14. ^ a b c d e Greg Moore - A Racer's Story (Television production). Vancouver, British Columbia: The Sports Network. August 31, 2001. Event occurs at 00:05:23 – 00:17:35.
  15. ^ a b c d e f Cosgrove, Michael (July 14, 1993). "Racer wise beyond his years". The Globe and Mail. p. C6. Retrieved May 19, 2019 – via Biography in Context.
  16. ^ a b c Miller, Robin (October 30, 2014). "IndyCar: Greg Moore – never forgotten". Racer. Archived from the original on May 18, 2019. Retrieved May 18, 2019.
  17. ^ a b "Canadian Formula Ford Championship". Autocourse. Archived from the original on November 7, 2003. Retrieved May 20, 2019.
  18. ^ "NA-F2000: F2000 Hall of Fame Nominees". motorsport.com. April 12, 1999. Retrieved May 22, 2019.
  19. ^ MacIntyre, Iain (October 19, 1995). "Go-karts to IndyCar took Moore just five years". Vancouver Sun. p. E1. Retrieved May 20, 2019 – via Newspapers.com.
  20. ^ a b McDonald, Norris (October 31, 2009). "Greg Moore's passion took him right to the top". Toronto Sun. Retrieved May 21, 2019.
  21. ^ MacIntyre, Iain (September 2, 1994). "Death of illusions part of growing up on track for Moore". Vancouver Sun. p. D18. Retrieved May 18, 2019 – via Newspapers.com.
  22. ^ a b "Greg Moore – 1993 Firestone / Dayton Indy Lights Results". Racing-Reference. Archived from the original on September 28, 2017. Retrieved May 19, 2019.
  23. ^ "Moore becomes youngest Indy Lights race champion". Vancouver Sun. April 11, 1994. p. D3. Retrieved May 20, 2019 – via Newspapers.com.
  24. ^ a b "Greg Moore – 1994 Firestone / Dayton Indy Lights Results". Racing-Reference. Archived from the original on September 28, 2017. Retrieved May 19, 2019.
  25. ^ "Moore on move". Ottawa Citizen. November 19, 1994. p. G8. Retrieved May 18, 2019 – via Newspapers.com.
  26. ^ a b c d e f g h i j k Malsher, David (March 2005). "The Player's Player -- Greg Moore". Motor Sport. LXXXI (3): 74–77. Archived from the original on May 18, 2019. Retrieved May 18, 2019.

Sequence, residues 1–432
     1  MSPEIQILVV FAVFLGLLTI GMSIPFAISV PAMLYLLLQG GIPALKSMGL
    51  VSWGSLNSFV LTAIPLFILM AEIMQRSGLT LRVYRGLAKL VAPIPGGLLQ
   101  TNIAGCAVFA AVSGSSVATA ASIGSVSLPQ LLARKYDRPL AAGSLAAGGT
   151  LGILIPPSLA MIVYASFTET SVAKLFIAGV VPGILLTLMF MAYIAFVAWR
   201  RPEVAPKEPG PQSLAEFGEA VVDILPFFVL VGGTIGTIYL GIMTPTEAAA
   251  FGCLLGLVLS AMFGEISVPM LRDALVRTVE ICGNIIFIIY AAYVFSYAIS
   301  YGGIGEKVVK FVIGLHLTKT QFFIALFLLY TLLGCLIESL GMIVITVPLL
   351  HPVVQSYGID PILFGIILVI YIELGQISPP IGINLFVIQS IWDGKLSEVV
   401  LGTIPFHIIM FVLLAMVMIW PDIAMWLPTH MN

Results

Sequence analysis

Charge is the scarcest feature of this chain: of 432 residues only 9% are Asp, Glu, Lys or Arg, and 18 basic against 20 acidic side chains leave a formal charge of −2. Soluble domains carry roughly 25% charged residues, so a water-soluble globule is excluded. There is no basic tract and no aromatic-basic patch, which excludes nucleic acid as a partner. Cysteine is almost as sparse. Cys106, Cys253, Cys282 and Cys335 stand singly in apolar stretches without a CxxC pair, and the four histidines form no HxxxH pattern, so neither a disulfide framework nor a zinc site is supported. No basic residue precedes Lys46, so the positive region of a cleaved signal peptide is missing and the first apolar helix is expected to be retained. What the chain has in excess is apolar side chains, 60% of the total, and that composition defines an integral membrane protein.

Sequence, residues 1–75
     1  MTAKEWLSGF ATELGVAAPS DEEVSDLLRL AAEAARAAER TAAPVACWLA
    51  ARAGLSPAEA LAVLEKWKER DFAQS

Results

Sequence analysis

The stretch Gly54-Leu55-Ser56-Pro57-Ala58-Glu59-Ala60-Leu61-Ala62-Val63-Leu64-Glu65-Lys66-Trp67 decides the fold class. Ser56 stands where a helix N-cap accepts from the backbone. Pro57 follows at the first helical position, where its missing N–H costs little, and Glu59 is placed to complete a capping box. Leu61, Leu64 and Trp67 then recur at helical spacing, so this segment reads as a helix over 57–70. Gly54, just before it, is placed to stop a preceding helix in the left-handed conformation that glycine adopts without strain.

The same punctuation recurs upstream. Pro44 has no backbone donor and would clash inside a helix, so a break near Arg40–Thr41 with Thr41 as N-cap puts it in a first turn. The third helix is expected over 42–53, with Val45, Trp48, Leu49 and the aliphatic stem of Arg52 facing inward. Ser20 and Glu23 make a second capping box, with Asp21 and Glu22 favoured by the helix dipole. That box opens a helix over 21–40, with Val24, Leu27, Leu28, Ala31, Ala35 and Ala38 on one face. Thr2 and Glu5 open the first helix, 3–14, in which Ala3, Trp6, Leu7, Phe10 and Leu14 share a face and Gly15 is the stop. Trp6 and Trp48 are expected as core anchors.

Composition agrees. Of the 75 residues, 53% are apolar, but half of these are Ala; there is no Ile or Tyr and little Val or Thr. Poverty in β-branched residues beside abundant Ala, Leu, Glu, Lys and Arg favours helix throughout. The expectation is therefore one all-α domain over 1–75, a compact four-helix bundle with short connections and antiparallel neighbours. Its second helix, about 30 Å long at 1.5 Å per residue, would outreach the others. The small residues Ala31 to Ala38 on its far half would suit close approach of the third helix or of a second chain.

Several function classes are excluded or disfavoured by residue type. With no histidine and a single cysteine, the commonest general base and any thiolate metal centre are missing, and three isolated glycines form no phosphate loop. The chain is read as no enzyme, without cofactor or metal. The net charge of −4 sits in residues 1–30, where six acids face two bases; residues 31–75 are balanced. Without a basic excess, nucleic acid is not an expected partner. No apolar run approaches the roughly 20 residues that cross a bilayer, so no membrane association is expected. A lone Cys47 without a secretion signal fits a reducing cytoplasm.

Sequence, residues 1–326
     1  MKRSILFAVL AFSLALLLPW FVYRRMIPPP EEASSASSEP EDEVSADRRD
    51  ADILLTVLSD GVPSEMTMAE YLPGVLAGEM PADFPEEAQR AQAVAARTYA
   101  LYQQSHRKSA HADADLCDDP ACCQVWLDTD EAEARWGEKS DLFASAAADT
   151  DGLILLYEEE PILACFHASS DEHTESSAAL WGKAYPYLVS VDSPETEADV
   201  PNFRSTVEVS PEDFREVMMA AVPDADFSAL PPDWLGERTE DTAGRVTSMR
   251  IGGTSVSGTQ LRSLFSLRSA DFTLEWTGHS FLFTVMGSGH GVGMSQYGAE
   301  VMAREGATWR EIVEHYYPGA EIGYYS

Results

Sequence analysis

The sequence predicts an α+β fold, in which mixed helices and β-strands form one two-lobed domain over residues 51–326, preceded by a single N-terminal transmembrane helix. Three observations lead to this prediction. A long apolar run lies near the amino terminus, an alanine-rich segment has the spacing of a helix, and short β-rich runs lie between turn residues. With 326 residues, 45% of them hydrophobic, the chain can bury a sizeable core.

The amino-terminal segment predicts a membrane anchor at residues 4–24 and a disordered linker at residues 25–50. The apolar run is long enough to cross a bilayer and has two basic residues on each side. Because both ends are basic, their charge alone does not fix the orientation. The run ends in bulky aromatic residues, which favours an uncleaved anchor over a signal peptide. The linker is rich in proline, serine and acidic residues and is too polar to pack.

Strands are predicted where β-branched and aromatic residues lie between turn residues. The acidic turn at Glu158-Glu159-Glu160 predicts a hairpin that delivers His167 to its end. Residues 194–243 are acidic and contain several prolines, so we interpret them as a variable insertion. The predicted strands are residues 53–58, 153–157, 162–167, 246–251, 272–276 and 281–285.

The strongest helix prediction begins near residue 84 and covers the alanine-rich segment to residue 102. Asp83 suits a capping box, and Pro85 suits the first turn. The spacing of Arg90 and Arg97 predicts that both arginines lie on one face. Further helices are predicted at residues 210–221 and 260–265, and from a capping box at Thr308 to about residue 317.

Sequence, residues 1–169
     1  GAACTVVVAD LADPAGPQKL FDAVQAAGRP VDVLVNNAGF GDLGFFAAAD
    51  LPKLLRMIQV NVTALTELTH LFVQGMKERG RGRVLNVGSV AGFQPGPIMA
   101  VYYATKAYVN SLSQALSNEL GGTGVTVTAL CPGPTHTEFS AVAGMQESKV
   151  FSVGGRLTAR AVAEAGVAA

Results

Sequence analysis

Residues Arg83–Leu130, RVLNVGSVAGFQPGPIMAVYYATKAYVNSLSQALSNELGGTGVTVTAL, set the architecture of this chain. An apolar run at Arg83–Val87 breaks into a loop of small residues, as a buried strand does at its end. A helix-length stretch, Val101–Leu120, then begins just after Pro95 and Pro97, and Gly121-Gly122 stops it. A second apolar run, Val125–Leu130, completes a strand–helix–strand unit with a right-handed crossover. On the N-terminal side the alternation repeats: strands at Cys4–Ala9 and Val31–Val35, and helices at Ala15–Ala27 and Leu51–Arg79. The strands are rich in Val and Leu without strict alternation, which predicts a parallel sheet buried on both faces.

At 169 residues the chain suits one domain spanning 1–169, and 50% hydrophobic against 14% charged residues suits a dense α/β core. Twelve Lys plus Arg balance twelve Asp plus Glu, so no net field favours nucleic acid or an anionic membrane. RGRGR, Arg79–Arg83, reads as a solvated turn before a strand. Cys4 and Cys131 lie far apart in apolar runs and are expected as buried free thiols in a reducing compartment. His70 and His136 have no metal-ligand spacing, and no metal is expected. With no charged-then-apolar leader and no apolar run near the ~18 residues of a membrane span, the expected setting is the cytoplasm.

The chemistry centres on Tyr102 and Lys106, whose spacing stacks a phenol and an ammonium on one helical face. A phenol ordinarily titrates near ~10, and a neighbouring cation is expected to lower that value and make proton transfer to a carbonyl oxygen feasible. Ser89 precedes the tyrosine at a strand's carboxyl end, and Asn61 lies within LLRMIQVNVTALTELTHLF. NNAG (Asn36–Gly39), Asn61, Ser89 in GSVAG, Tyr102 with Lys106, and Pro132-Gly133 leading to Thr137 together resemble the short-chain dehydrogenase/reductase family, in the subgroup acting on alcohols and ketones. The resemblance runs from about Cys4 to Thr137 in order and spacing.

27. ^ Moses, Sam (September 14, 1998). "Untapped Potential". Autoweek. 48 (38): 42. ISSN 0192-9674 – via ESBCO Academic Search Complete.
  28. ^ Cosgrove, Michael (March 3, 1995). "Moore expecting breakthrough year Driver happy with new Indy Lights team". The Globe and Mail. p. D13. Retrieved May 18, 2019 – via Biography in Context.
  29. ^ "Moore has savvy to know when to shift gears". Calgary Herald. August 9, 1995. p. D2. Retrieved May 19, 2019 – via Newspapers.com.
  30. ^ "CART – Drivers – Greg Moore – Career". Championship Auto Racing Teams. Archived from the original on December 1, 1998. Retrieved May 21, 2019.
  31. ^ a b "Greg Moore – 1995 Firestone / Dayton Indy Lights Results". Racing-Reference. Archived from the original on September 28, 2017. Retrieved May 19, 2019.
  32. ^ "PIR has matured in 10 years with Jobe". The Arizona Republic. September 16, 1995. p. C1. Retrieved May 21, 2019 – via Newspapers.com.
  33. ^ "Sport in Brief: Auto racing Canadians wheel up". The Globe and Mail. October 19, 1995. p. E6. Retrieved May 21, 2019 – via Biography in Context.
  34. ^ Bartel, Mario (March 1996). "The Fastest Man From Maple Ridge". Maple Ridge-Pitt Meadows News. Archived from the original on May 8, 2017. Retrieved May 21, 2019.
  35. ^ Harris, Mike (April 25, 1999). "Young not wasted on CART Leader: Moore learns lessons early". The Commercial Appeal. Associated Press. p. D4. Retrieved May 22, 2019 – via Infotrac Newsstand.
  36. ^ Lomas, Gordon (April 2, 1996). "Rookie Makes Stunning Impact". The Courier-Mail. p. 035. Retrieved May 18, 2019 – via Infotrac Newsstand.